Shopping centre

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Shopping centre landlords have been leaning on food retailers to cease trading so they can close

  • Supermarkets in shopping centres are being asked to close by shopping centre landlords

  • Poundland temporarily closed 100 stores near to another trading branch or in a shopping centre

  • B&M made 49 temporary closures including branches in shopping centres


A major supermarket has said it is coming under pressure to close stores in shopping centres where most other shops have already shut.

The closure of non-essential retailers has piled pressure on landlords, with tenants no longer paying rent or service charges to keep centres open. They have been leaning on food retailers - in some cases the only shop left open - to also cease trading so centres can close.

This week, Poundland and B&M, permitted to stay open in the lockdown because of their food ranges, both announced closures of shopping centre stores.

Supermarket branches in shopping centres are being asked to do the same, The Grocer understands.

“We are seeing some pressure, predominantly in covered shopping centres,” a supermarket source told The Grocer. “Some [landlords] have reduced opening hours or shut quieter entrances into the centre, but none has closed fully, as yet.

“We’re monitoring daily and sent an internal communication out to stores that may be affected to contact us if they hear something on the ground.”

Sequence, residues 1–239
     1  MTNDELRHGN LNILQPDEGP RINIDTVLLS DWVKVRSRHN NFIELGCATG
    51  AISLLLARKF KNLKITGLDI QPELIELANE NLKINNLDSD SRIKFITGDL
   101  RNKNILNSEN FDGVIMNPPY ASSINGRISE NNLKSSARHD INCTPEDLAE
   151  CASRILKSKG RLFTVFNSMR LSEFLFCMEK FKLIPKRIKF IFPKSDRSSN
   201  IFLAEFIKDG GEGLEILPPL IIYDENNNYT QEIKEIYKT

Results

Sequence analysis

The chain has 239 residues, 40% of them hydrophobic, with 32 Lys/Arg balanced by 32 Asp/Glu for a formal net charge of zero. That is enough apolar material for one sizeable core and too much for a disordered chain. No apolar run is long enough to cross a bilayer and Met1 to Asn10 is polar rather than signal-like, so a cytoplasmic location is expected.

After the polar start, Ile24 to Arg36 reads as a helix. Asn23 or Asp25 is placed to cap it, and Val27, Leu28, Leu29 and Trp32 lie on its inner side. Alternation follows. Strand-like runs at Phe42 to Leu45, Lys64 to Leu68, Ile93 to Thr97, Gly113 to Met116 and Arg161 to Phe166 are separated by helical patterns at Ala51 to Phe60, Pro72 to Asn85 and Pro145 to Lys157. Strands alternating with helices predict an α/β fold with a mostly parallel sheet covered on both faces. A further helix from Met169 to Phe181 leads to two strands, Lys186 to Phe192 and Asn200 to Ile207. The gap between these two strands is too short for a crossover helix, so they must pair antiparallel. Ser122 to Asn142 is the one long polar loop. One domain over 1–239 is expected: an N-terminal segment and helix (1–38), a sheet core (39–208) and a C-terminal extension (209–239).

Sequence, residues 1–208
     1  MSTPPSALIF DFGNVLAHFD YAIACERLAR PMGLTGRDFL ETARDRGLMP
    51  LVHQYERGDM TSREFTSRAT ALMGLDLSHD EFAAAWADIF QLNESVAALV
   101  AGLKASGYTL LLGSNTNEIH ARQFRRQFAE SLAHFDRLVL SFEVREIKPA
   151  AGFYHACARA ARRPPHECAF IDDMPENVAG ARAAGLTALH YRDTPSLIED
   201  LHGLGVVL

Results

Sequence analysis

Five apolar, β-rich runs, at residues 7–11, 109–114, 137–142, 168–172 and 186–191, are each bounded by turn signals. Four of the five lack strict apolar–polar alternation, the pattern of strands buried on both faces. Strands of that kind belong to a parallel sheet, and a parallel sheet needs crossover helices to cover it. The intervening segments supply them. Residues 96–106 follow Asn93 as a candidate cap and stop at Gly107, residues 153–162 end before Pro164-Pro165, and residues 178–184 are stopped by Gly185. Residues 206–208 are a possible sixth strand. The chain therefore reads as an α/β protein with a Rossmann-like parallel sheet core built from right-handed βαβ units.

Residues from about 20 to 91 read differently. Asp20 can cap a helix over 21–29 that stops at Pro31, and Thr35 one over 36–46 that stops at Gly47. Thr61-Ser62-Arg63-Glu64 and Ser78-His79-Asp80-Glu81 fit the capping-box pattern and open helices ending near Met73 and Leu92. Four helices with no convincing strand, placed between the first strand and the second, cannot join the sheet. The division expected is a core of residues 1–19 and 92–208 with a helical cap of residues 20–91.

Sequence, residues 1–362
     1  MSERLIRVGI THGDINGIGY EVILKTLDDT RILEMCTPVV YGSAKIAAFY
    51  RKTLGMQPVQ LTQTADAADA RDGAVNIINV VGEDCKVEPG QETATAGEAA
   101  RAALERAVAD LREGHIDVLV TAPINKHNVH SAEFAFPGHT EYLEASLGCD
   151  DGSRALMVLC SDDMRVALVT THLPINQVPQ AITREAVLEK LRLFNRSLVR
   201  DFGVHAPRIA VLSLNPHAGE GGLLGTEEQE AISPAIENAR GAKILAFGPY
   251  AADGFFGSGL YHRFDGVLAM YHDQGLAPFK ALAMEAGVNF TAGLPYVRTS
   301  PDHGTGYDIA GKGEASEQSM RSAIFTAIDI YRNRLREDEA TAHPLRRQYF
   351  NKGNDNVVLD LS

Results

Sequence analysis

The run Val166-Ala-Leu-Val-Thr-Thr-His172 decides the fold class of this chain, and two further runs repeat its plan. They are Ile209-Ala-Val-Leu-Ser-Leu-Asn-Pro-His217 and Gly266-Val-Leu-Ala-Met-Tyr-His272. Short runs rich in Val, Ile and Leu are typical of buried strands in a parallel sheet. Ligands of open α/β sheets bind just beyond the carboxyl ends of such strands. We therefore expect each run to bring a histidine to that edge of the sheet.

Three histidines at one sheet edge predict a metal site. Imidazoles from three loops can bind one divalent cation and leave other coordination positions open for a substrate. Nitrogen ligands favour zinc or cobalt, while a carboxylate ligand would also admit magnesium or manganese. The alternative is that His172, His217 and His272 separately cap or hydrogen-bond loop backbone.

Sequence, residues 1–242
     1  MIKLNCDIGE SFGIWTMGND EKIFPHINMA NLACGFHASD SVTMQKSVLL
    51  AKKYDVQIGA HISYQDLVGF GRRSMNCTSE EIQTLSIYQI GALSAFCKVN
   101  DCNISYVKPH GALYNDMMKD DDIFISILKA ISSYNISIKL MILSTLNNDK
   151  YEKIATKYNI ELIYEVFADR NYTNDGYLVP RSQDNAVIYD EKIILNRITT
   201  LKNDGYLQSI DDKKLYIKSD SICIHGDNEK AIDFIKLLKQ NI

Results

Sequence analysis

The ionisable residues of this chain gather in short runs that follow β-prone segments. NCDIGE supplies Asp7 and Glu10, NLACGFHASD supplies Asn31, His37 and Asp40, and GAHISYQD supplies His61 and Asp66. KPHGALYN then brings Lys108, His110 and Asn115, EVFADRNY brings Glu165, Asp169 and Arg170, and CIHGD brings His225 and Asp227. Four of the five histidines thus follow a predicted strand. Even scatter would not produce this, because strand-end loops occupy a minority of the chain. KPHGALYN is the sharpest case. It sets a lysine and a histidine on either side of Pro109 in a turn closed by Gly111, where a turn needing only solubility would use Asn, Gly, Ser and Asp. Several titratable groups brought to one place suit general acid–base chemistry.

Poundland said 100 temporarily closed stores were largely either near to another trading branch or in a shopping centre where the landlord had said it was difficult to stay open for one shop.


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The variety discounter also pointed to dropping footfall in the lockdown and said the closures would better position it for post-crisis recovery.

B&M said 49 temporary closures included branches in shopping centres where trading had largely ceased.

Both variety discounters are furloughing staff, including 250 central Poundland employees in Willenhall and Watford.

Temporary closures were also announced this week by Sainsbury’s and the Co-op.

Sainsbury’s said it was reviving its one-hour Chop Chop delivery service by turning one of 13 closed c-stores into a dark store for picking orders. Chop Chop previously delivered in London zones one and two but had been temporarily suspended to focus on restocking, it said.

The Co-op has temporarily closed 20 stores in locations where footfall is down and earmarked up to 40 more to follow.